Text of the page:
An ongoing study by the country’s Public Health Agency showed that 7.3 percent of a sample of randomly selected people in Stockholm had antibodies when they were tested in the last week of April
Sweden, which has controversially taken a softer approach to the coronavirus pandemic, said Wednesday that more than one in five people in Stockholm were believed to have developed antibodies to the virus.
An ongoing study by the country's Public Health Agency showed that 7.3 percent of a sample of randomly selected people in Stockholm — Sweden's worst-hit region — had antibodies when they were tested in the last week of April.
"The figures reflect the situation in the epidemic earlier in April, since it takes a few weeks before the body's immune system develops antibodies," the health agency said in a statement.
Asked about the study during a press conference, state epidemiologist Anders Tegnell said he believed that to date "a littlemore than 20 percent" had probably contracted the virus in Stockholm — where over a third of Sweden's confirmed cases have been recorded.
A total of 1,104 tests were analysed.
In other parts of the country, the number of people who tested positive for antibodies was much lower, with 4.2 percent in the far south and 3.7 percent in the region around Gothenburg.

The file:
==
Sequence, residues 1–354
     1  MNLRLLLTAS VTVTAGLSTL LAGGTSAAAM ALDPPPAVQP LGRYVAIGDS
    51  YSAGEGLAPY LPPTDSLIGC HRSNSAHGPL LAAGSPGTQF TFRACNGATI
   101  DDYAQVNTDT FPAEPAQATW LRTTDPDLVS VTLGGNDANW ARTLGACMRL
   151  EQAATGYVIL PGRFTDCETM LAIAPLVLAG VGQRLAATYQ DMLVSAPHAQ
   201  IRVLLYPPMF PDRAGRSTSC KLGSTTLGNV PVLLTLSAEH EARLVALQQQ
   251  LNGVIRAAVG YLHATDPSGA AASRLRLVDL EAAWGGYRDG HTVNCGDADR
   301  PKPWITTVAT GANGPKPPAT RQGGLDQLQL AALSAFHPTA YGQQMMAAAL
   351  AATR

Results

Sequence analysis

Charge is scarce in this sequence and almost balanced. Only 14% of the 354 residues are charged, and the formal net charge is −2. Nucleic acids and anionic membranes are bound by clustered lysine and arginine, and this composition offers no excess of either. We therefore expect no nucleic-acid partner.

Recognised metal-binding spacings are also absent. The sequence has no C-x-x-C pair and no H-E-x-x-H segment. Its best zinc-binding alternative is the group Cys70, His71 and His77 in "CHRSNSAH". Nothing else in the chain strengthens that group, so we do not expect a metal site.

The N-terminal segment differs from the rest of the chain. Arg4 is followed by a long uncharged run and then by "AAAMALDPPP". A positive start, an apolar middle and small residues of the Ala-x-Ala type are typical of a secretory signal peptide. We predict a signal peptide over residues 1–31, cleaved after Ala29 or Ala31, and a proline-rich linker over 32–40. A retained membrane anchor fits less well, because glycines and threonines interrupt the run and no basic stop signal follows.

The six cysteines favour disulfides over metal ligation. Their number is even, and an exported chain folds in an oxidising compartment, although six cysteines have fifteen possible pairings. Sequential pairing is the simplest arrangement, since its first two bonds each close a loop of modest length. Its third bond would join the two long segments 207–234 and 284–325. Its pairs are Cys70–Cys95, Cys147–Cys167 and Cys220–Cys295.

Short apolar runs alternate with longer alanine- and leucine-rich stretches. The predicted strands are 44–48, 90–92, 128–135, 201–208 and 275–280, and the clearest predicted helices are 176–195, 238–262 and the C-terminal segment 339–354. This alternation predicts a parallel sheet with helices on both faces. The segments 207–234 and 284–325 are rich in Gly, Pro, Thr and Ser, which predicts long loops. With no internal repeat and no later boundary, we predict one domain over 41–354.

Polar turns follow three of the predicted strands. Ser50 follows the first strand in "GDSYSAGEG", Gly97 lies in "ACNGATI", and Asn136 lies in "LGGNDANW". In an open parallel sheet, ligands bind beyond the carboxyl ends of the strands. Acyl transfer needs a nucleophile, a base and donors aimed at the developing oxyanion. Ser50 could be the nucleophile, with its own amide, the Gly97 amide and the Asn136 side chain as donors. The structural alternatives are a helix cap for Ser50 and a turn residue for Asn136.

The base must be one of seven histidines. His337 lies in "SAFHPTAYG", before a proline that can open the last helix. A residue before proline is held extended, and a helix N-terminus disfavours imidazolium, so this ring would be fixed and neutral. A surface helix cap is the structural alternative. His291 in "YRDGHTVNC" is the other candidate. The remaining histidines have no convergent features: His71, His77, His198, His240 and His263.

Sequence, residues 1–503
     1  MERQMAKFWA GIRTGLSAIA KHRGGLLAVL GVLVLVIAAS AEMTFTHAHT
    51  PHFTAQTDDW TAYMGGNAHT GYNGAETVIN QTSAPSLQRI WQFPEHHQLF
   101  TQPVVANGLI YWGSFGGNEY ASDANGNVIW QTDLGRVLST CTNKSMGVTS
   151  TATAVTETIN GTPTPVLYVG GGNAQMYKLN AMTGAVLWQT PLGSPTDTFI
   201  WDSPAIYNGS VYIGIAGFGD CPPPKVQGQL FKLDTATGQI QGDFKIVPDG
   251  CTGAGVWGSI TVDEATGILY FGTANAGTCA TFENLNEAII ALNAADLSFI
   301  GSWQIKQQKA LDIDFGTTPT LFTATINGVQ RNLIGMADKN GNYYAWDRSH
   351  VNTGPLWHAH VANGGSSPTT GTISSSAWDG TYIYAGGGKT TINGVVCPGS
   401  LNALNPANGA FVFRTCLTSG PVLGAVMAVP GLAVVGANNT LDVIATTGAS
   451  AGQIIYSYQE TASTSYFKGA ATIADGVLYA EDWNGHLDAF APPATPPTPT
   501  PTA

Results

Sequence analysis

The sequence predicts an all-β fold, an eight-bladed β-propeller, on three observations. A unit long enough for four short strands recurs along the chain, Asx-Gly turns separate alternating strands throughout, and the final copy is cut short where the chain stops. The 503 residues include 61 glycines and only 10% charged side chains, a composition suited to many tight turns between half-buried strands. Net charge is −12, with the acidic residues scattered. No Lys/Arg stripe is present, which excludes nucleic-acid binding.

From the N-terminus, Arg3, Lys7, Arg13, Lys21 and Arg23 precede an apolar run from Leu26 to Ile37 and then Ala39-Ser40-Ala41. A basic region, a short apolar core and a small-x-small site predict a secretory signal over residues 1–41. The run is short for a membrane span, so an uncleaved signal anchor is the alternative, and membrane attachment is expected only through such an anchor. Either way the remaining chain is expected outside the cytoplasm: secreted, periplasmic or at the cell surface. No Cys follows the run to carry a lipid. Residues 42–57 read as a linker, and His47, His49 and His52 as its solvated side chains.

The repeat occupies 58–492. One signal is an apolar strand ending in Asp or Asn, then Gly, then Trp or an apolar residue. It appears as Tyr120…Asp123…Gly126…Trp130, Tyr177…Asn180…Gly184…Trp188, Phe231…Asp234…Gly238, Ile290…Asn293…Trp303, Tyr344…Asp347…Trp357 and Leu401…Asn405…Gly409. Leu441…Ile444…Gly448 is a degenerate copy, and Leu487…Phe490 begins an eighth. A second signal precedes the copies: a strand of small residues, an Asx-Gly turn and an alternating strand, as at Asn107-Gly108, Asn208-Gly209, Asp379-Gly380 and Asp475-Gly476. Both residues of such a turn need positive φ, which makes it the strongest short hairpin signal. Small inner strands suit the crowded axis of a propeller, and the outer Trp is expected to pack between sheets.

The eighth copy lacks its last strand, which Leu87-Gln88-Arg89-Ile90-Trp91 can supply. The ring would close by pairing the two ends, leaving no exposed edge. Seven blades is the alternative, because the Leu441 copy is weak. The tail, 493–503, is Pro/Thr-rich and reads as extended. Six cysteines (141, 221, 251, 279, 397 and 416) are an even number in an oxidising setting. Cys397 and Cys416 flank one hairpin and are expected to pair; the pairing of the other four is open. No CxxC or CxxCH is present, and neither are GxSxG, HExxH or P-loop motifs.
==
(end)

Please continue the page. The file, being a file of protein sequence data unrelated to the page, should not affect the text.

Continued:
The results also showed the spread was greater among people aged 20-64, of whom 6.7 percent had developed antibodies, compared to 2.7 percent among those aged 65 and up.
Tegnell said this was "a sign of that group actually being pretty good at keeping themselves isolated and protected."
Meanwhile, around 4.7 percent of those aged zero to 19 had antibodies, which Tegnell said showed "what we have said all along, that this is not where we are seeing a large spread" of the virus.
Sweden has not imposed the extraordinary lockdown measures seen across Europe, but has urged people to follow hygiene and social distancing recommendations and behave responsibly.
The Swedish approach to the novel coronavirus has come under criticism both at home and abroad, particularly as the number of deaths has far exceeded those in neighbouring Nordic countries, which have all imposed more restrictive containment measures.
While it is still unclear whether exposure and development of antibodies means that a person will build up at least some immunity, in theory it should do so and thereby help reduce the spread of the virus.
On Wednesday, Sweden reported a total of 31,523 confirmed cased of the new coronavirus and 3,831 deaths.
Sweden's strategy is aimed at pressing down the curve so the healthcare system is not overwhelmed, while allowing the rest of society to function as near normally as possible.